Anxiety growing for city budget|
Decatur 4 months into fiscal year without a plan
By Martin Burkey
DAILY Staff Writer
email@example.com · 340-2441
Police arrest lawbreakers. Garbage trucks run. The animal shelter picks up strays.
The city of Decatur is operating as usual, even though it is more than four months into fiscal 2005 without a budget.
If Alabama law required a formal budgeting process, the current administration might be governing from behind bars. But the law doesn't mandate that, so all the mayor faces is the threat that the City Council will lose its patience over the matter.
As of last week, former-banker-turned-mayor Don Kyle was fighting the flu and trying to account for every penny of the city's budget.
"I haven't had anybody screaming they're not delivering their services," he said.
The last administration didn't prepare or pass a budget. But it did start converting the city to new accounting software, and Kyle, after taking office, began separating day-to-day spending from big-ticket spending. The compound effect is the current delay.
After missing several estimates for when he could send a budget proposal to the City Council, Kyle is reluctant to make predictions beyond one word, "soon."
The council passed a continuing resolution, allowing departments to spend at last year's budget levels. Department heads, while claiming they've had no major problems, say they have seen delays as a result of the budget impasse and are eager to get a formal budget.
Council members say they appreciate what Kyle is doing to go through the budget in detail, and they're impressed that he seems to be familiar with any line item they mention. But they're also running out of patience.
Council President Billy Jackson said he is worried that the delay will make it difficult for departments to do the preliminary work needed before they can start projects. Even when the council gets Kyle's proposed budget, it will take time to study and debate the specifics, he said.
"We constantly ask where we are with the budget," Jackson said. "We've got to have a budget in front of us. If we can't get it soon, we will just have to take what we can get and figure out where we need to go with it."
Councilman Ronny Russell said the nonprofit agencies funded by the city are feeling the four-month delay, as are city departments with job openings that can't be advertised. Routine capital projects such as street work can't get done until the council approves them, he added.
"We're not really sure where we're at financially because we don't have our benchmark to look at for this year," he said. "I know several council members have expressed their sense it's time that we get to work on this budget. When we get a budget, it will be our first look at it, and we're still talking some additional time."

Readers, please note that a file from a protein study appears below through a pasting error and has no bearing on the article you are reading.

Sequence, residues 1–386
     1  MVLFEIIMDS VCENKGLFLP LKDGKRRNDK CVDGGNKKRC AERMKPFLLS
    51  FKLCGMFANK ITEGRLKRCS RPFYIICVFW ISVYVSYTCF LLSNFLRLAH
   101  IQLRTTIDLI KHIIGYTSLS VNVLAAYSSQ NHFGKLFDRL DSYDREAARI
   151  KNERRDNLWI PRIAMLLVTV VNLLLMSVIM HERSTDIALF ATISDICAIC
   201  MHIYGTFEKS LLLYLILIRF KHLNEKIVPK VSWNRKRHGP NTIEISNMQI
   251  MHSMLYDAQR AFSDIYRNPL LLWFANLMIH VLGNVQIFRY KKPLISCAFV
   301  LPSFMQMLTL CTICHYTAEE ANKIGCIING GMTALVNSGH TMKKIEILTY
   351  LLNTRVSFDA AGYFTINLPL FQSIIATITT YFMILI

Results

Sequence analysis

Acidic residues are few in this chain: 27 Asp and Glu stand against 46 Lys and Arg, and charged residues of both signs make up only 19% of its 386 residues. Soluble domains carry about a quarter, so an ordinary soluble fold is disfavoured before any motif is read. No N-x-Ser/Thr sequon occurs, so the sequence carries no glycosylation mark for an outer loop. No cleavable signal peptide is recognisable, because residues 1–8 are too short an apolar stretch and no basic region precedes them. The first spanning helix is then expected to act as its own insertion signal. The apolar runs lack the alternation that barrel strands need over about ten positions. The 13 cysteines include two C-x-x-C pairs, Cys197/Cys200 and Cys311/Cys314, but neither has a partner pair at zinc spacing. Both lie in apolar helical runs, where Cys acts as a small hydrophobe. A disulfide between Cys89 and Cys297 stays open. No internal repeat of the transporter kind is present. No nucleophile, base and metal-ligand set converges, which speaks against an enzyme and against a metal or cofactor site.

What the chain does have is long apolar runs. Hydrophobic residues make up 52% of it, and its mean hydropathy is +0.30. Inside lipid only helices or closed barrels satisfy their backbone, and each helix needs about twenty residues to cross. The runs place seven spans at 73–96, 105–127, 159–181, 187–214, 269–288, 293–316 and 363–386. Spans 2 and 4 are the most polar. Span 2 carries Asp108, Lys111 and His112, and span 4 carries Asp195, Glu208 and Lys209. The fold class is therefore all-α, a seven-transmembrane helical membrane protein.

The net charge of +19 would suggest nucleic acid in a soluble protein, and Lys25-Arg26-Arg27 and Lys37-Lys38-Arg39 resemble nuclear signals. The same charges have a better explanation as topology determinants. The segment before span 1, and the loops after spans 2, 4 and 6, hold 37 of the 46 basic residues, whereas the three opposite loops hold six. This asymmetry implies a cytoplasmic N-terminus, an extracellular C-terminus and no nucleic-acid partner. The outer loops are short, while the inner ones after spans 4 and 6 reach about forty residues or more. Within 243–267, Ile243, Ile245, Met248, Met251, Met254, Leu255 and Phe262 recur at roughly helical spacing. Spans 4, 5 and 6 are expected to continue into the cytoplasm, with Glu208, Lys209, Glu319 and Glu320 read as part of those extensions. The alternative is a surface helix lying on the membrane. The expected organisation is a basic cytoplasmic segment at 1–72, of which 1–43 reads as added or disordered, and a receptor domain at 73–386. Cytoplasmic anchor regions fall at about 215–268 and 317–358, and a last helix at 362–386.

While the council's continuing resolution takes care of day-to-day expenses, it doesn't cover big-ticket capital spending, new programs or hiring employees. However, operating without a budget has been relatively easy because the council is approving major spending and personnel matters individually, and booking the costs against a 2005 budget whenever it has one.
On Monday, for instance, the council is expected to approve a $1.65 million bookkeeping measure to finance development of a sport fishing boat launch at the former Ingalls shipyard through internal borrowing. It also needs $167,000 to rebuild a landfill trash compactor.
The council recently OK'd $534,000 to match federal funds for starting a project to widen Danville Road from Modaus Road to Stone River Drive Southwest.
Kyle has approved scheduled 2005 merit pay raises for about 40 city employees so far, Personnel Director Ken Smith said.
But the budget delay is holding up $1 million to begin right-of-way acquisition for widening Spring Avenue from Cedar Lake Road to Day Road. It also is delaying about 30 smaller projects such as adding a middle lane to Old Moulton Road near Beltline Road, extending Vestavia Drive and improvements to Chapel Hill Road.
Acting City Engineer Carl Prewitt said it's not a big problem so far.
"In actuality, the normal construction season would be from about March or April through about September/October," he said. "Have we lost the construction season? No. Could we have started something had we been budgeted? Yeah."
Building Department Director Jimmy Brothers said he hopes to fill a vacant building inspector job, but he's also making plans to operate without it.
Planning Director Jim Fisher said he hopes to update the city's long-range planning document this year, as well as surveying residents and businesses in a proposed downtown redevelopment district on their wishes, but he has put those projects on hold.
Parks and Recreation Director Jeff Dunlap said he doesn't have a problem yet. But he needs about $190,000 in equipment and three new employees to start taking care of the soccer fields at the 77-acre Southwest Recreation Center and other city parks when the weather gets warm and grass starts growing.
Police chief nervous
Police Chief Joel Gilliam hired eight recruits last year to replace losses in his department. They are in training now, but that training and then equipping them costs about $45,000 each. He's nervous about managing his department without a budget.
"The budget document tells you where the line is," he said. "Our budget assumes the same as last year. If any line item is reduced, I may have already spent my budget.
"I've talked with the mayor and he understands our concerns. At least we have what we had to work with last year, but we're not assured till the council approves the budget."
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